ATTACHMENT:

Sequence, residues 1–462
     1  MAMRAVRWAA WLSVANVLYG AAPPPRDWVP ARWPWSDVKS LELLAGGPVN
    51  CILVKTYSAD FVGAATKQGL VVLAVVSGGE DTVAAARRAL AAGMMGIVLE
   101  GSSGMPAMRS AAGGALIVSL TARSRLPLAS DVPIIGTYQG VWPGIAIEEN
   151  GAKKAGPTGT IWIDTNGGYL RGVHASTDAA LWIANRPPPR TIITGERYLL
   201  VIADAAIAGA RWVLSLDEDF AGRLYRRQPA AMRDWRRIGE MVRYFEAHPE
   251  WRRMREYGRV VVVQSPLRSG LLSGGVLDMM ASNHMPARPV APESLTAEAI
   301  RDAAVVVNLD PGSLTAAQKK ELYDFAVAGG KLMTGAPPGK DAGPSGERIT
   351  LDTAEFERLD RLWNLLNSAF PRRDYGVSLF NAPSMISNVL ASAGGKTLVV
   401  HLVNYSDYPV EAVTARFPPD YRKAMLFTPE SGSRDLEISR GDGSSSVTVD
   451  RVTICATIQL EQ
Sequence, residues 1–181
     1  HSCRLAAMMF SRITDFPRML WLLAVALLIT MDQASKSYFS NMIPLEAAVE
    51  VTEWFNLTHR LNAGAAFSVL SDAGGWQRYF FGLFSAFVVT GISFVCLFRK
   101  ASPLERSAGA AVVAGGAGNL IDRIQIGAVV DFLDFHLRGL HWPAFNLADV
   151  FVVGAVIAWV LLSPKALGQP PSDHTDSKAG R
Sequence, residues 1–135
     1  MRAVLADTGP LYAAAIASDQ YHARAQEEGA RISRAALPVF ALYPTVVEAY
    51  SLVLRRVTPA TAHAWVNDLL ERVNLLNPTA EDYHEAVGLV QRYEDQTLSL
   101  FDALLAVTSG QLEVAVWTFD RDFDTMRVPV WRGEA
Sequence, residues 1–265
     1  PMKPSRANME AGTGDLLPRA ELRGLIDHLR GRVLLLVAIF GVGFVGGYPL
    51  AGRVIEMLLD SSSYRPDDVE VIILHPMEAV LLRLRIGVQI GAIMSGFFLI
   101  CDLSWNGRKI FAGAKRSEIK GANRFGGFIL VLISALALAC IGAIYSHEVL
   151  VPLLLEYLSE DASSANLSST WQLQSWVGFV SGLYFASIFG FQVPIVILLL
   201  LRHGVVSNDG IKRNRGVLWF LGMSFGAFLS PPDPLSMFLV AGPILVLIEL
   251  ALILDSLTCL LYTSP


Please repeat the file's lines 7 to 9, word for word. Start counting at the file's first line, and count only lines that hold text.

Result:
   251  WRRMREYGRV VVVQSPLRSG LLSGGVLDMM ASNHMPARPV APESLTAEAI
   301  RDAAVVVNLD PGSLTAAQKK ELYDFAVAGG KLMTGAPPGK DAGPSGERIT
   351  LDTAEFERLD RLWNLLNSAF PRRDYGVSLF NAPSMISNVL ASAGGKTLVV